Most companies undertake annual strategy planning exercises (STRAP) to lay down the plan for the coming year. They undertake market/business research and competitive intelligence to support their planning.
Some of this research is backward looking – How much did the market grow last year? What did my competitors do? Some research is forward looking – How much is the market likely to grow next year? What plans have my competitors announced? and so on. Excel spreadsheets then used for putting down sales targets, investments, expenses and so on.
Is this the best way to go about strategising and planning in the current environment ? The business environment in India (and indeed in most other geographies) today is highly competitive as economic recession has reduced the size of the global market pie that companies are fighting for.
In such a scenario, strategy formulation needs to focus on the competitors and their moves. I like the analogies Mark Chussil uses for describing strategy formulation. He likens it to playing chess. Predicting the future is like anticipating chess moves. It cannot be done using trend lines, benchmarks or spreadsheets. Similarly, meteorologists cannot predict weather or rainfall based on the previous day’s weather. They use a structural model for forecasting. Further, they cannot give you an accurate prediction, but are able to give you a range of outcomes – a 60% chance of rain, for example.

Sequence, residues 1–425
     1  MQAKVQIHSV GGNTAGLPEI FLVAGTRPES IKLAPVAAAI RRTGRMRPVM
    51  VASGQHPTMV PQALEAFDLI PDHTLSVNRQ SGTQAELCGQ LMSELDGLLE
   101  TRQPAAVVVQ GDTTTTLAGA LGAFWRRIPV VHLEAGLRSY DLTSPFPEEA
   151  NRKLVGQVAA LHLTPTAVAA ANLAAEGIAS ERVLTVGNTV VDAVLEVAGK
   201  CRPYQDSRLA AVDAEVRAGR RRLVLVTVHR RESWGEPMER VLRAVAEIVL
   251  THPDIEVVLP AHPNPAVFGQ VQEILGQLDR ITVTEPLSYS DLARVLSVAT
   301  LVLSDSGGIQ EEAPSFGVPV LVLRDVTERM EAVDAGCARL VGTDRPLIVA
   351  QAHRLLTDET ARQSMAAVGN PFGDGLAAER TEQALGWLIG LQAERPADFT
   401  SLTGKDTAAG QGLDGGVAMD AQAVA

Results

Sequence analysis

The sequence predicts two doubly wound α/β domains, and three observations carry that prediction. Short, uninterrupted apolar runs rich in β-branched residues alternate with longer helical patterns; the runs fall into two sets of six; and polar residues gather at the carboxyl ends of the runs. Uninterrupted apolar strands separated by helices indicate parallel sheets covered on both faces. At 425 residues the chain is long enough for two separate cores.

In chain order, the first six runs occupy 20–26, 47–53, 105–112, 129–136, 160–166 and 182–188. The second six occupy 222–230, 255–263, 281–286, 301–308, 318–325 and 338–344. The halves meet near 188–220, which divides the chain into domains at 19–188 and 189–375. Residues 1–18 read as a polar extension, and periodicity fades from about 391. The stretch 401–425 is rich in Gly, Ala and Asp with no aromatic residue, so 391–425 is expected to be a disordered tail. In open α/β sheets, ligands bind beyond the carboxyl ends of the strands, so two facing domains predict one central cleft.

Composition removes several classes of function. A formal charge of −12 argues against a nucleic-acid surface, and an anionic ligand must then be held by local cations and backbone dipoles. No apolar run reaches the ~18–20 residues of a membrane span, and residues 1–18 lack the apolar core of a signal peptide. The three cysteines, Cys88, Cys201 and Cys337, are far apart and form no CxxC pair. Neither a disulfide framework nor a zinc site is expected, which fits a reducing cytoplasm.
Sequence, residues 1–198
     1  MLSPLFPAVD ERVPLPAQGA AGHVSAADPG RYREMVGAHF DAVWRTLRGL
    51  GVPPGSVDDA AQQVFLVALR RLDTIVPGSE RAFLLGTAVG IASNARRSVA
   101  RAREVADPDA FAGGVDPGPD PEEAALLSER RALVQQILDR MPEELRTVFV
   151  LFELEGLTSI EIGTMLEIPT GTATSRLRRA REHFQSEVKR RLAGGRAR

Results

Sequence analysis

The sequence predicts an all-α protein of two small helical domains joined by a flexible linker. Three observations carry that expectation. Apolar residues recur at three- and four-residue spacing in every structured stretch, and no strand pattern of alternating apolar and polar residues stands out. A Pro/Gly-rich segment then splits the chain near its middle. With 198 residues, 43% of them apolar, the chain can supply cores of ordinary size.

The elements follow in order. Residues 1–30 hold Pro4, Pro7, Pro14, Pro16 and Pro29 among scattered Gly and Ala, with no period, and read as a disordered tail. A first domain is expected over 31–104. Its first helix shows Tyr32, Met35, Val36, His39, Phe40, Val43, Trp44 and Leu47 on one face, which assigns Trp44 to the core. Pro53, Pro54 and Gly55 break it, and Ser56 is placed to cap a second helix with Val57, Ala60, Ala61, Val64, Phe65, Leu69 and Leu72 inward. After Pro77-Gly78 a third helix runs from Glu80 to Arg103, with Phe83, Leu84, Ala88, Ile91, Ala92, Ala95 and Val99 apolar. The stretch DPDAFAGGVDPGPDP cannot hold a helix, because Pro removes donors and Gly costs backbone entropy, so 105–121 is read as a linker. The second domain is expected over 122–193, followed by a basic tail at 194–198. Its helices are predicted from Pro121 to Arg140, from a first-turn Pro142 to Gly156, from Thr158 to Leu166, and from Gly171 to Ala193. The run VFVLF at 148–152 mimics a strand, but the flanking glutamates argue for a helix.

In the business context, extrapolations alone cannot be used for anticipating the future. There are other tools available such as war gaming and scenario building that yield more robust strategies. War games use role plays to anticipate what the competitors’ strategies and counter-strategies could be. Scenario building enables companies to identify the most likely scenarios and prepare for them in advance.
Companies can organize competitive strategy workshops to leverage these tools for strategy formulation and business planning.
What tools does your organisation employ for strategy formulation?